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EXECUTIVES from tax-payer-funded firms made rare but frank disclosures of their disintegration in discussions with a British delegation that visited the country in October, pleading for bailout from the former colonial power, the Financial Gazette. The executives were joined by Cabinet ministers, who buried public rhetoric against British firms to explain Zimbabwe’s desire for capital from London.

Details of the State-sanctioned meetings that marked the first real engagement between Zimbabwe and the United Kingdom since a fall-out between the two countries precipitated by a violent land redistribution exercise in 2000 emerged from a report by the British Foreign amp Commonwealth Office. The report exposed hypocrisy by politicians, who have publicly denounced London for leading a global campaign to stifle economic growth in the southern African country, but were keen to please the delegation and secure crucial funding to contain an economic meltdown in the country.

According to the report, Britain is prepared to extend US$2 billion worth of funding for local projects. A Cabinet minister confided with the British delegation that while Zimbabwe had switched to China to revive its ailing industries, the world’s second largest economy lacked critical expertise in a number of key areas. Financial statistics disclosed to the delegation during private meetings, where officials admitted that Zimbabwe’s economy was in distress, showed that State-owned firms were in dire straits.

The cash-strapped National Railways of Zimbabwe (NRZ) requires close to US$130 million to “do stop gap” rehabilitation of 168 locomotives “until finance is available to buy new fleet. The signalling and telecommunications network is in urgent need of repair and rehabilitation. NRZ is using a UHF system ‘just to get by.’ NRZ’s system was designed to transport 80 million tonnes per annum, it is currently moving six million tonnes” the report revealed.

NRZ executives who met the delegation said with funding, the transporter could revisit abandoned projects like the rail link between Harare and Chitungwiza, which requires US$440 million.

Power producer ZESA Holdings, crippled by a serious erosion of power generation capacity due to ageing assets, discussed several projects, including the US$145 million Orange Groove-Triangle transmission line and the US$64 million Alaska-Sherwood line.

However, quite shocking were presentations by the Zimbabwe Mining Development Corporation, which superintends over cash spinning diamond mines, for a US$54 million injection for resuscitating a number of closed gold mines. Transport Minister, Obert Mpofu, who has announced plans to expand the controversial tolling system to cash-strapped and poor rural communities, and sits at the apex of the highly liquid Zimbabwe National Roads Administration (ZINARA), discussed difficulties in funding a US$200 million per annum budget to maintain 17 000 kilometres of the national road network.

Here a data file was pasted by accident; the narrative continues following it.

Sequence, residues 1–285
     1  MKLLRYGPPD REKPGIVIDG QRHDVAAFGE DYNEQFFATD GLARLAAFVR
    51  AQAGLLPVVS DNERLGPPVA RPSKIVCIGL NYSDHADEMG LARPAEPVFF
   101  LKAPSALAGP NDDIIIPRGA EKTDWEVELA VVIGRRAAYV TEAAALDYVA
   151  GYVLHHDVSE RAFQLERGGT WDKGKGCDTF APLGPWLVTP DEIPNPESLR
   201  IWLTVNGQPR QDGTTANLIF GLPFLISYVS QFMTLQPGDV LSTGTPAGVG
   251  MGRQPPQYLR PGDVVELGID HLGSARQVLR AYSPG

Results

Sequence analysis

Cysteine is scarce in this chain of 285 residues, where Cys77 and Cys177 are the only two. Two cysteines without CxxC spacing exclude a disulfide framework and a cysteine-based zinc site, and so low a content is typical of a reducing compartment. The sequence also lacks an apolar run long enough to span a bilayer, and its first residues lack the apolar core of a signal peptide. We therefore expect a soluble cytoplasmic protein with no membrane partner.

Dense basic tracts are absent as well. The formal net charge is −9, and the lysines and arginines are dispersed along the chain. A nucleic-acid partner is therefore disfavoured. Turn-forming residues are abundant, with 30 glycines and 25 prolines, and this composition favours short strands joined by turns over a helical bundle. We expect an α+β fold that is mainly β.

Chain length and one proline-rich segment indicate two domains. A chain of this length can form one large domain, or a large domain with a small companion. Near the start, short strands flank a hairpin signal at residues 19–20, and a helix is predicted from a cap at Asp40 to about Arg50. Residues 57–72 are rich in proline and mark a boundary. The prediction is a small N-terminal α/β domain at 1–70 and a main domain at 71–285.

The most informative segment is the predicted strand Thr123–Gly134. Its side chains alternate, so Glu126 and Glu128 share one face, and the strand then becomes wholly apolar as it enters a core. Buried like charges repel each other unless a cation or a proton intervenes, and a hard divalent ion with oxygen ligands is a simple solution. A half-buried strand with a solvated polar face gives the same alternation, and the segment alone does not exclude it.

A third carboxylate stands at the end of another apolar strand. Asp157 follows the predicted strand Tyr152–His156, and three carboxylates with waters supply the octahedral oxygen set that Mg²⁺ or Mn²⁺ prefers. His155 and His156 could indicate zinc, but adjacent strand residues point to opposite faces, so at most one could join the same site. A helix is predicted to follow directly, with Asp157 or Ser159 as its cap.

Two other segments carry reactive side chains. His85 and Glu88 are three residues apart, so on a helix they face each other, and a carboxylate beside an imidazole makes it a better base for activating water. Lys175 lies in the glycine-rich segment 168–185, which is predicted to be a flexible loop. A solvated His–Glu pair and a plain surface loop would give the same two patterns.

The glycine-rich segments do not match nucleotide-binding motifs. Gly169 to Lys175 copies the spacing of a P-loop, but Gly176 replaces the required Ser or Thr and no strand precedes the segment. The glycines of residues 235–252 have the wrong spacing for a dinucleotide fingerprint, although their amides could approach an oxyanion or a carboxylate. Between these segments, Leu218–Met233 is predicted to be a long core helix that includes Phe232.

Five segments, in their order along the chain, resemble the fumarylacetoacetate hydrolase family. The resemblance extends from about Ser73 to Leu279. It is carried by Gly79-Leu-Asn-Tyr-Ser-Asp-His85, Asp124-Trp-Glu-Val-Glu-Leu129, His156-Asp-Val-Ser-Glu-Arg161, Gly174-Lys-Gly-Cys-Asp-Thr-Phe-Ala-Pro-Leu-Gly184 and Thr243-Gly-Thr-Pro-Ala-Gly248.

However, his ministry has disclosed that millions of United States dollars collected by ZINARA had been diverted to pay civil service salaries, the workforce described by Chinamasa last week as being paid to sit in their chairs. ZINARA, which told the delegation that it was collecting about US$130 million per annum, revealed that it had a US$870 million funding gap and was collecting a fraction of its requirements.

The Foreign amp Commonwealth Office report said there were vast opportunities for British firms in Zimbabwe but also warned of potential risks in the southern African State. “British skills and investment would evidently be appreciated in Zimbabwe,” the report said.

“It is, however, a fundamentally more politicised environment than other regional markets. The Zimbabwean government have, for some time, been exploring a “Look East” policy, in the hope of attracting increased Chinese investment into the country … any international investors, be they Chinese or European, will require the Zimbabwean government to present “truly bankable” infrastructure projects and clear and predictable business environment”.

The following are some of the remarks made by Cabinet ministers to the delegation. Energy and Power Development Minister, Dzikamai Mavhaire, told the delegation during private talks that resumption of trade and economic ties between London and Harare was critical because “the United Kingdom knows the potential of Zimbabwe well and much of the country’s ageing energy infrastructure and equipment is British built or designed”.

“(It is) the return of a long lost brother. We will take your hand as it is extended to us,” said Environment, Water and Climate Minister Saviour Kasukuwere, who was at the forefront of a campaign to indigenise British firms when he was minister of indigenisation in the inclusive government.

“The group was a mouthpiece to UK business,” noted Chiratidzo Mabuwa, Deputy Minister of Industry and Commerce.

“..A very positive step towards the normalisation of relationships… Zimbabwe is now open to investment from every quarter,” the report quoted Finance Minister, Patrick Chinamasa as saying.

“… the Ministry is ready to engage at any time at any level,” said Transport Minister Obert Mpofu.

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Source : Financial Gazette